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Mode of zooxanthella transmission does not affect zooxanthella diversity in acroporid corals


Two distinct modes of algal endosymbiont acquisition exist in corals, a direct transmission from the parental colony to the eggs and a larval or post-larval uptake from the environment. The former, maternal-transmission mode is expected to be a more closed system, while the latter is believed to be an open system. Here we test the hypothesis that the diversity of symbionts in closed systems is lower than that in open systems. We examine the identity and diversity of the algal endosymbionts (zooxanthellae) in 25 Montipora species sampled from Irian Jaya (Indonesia) and Magnetic Island (central Great Barrier Reef) and compare the results with those previously obtained from Acropora species, which belong to the same family. All Montipora colonies examined harbour clade C zooxanthellae, with two colonies harbouring both clade C and D zooxanthellae simultaneously. Two algal strains (named C· and D· in this study) present in Montipora have not been observed in Acropora, and may have co-evolved with Montipora. Symbiodinium C· shows approximately 5% sequence divergence from C strains observed in Acropora spp. and occurs in 76% of the colonies examined. Nevertheless, several other C strains commonly found in other corals occur in some of the Montipora colonies. Montipora species transmit their algal endosymbionts directly to the eggs, while Acropora species have to acquire zooxanthellae from the environment every generation. Contrary to our expectations, the diversity of zooxanthellae is similar for the two genera, indicating that the mode of symbiont transmission (i.e. maternal versus horizontal) does not affect symbiont diversity in acroporid corals.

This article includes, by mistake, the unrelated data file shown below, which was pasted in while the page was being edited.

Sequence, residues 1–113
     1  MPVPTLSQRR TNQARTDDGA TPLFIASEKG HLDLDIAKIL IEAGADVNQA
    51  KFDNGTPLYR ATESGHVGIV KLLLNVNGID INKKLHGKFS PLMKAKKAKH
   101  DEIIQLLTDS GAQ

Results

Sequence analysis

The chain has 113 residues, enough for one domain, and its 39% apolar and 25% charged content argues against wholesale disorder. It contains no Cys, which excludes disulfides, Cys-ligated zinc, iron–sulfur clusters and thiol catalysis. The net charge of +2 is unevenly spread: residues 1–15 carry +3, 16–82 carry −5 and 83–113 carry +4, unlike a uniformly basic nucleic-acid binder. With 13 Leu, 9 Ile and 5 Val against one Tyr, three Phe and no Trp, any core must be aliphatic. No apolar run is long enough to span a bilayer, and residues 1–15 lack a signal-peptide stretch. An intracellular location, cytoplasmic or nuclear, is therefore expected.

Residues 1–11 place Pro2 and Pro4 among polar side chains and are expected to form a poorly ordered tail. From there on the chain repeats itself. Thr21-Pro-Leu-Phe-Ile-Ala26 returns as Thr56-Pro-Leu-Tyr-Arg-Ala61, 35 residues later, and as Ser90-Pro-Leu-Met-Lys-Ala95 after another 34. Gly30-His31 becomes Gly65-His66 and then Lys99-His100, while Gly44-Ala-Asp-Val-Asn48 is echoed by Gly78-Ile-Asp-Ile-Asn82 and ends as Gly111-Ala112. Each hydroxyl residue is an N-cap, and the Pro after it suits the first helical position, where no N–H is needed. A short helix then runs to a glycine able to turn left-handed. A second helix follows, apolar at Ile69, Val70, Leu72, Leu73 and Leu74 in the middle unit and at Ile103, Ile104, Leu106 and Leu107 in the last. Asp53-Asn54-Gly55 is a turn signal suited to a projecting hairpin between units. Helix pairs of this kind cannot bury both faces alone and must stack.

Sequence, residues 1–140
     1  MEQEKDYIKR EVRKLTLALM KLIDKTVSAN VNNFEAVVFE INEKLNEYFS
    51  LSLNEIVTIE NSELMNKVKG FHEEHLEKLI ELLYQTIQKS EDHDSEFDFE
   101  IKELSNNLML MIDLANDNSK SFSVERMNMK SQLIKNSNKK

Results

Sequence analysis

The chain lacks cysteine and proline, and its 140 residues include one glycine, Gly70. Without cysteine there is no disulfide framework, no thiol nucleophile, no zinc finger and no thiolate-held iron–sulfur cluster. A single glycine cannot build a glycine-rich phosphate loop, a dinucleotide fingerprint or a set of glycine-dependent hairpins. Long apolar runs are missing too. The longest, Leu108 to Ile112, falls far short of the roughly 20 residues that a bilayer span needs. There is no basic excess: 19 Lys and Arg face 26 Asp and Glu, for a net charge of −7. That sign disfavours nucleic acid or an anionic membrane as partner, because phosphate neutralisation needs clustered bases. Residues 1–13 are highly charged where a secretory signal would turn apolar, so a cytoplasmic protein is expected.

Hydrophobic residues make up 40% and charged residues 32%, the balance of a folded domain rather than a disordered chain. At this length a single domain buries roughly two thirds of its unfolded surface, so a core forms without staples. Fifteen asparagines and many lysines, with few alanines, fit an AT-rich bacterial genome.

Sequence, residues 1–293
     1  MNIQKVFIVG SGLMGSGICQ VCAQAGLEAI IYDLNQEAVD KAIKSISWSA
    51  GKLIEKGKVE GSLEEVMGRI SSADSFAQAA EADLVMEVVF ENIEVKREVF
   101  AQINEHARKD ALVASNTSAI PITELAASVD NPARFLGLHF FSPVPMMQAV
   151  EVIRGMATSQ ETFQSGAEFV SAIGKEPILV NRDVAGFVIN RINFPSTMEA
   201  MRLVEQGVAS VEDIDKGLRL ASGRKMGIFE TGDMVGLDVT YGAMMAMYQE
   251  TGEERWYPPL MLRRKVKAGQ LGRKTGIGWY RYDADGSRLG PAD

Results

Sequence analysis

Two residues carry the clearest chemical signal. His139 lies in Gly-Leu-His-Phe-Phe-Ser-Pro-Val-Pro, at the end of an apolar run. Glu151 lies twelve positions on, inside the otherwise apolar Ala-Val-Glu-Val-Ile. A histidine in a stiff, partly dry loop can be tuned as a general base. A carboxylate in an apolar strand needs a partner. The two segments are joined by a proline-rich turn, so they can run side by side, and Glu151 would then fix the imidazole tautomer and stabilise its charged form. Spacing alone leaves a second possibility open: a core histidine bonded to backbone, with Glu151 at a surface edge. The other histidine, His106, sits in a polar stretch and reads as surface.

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I thank Charlie Veron for collection of the Indonesian samples and identification of all samples, David Miller for allowing me to undertake a large part of this study in his laboratory at James Cook University (Townsville, Australia), and Melissa Schubert and Lesa Peplow for their contribution to gathering the data. This study was funded by the Australian Research Council and the Australian Institute of Marine Science.

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Correspondence to Madeleine J. H. van Oppen.

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Communicated by M.S. Johnson, Crawley

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van Oppen, M.J.H. Mode of zooxanthella transmission does not affect zooxanthella diversity in acroporid corals. Marine Biology 144, 1–7 (2004).

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  • Great Barrier Reef
  • Algal Symbiont
  • Acropora Species
  • Acroporid Coral
  • Algal Endosymbiont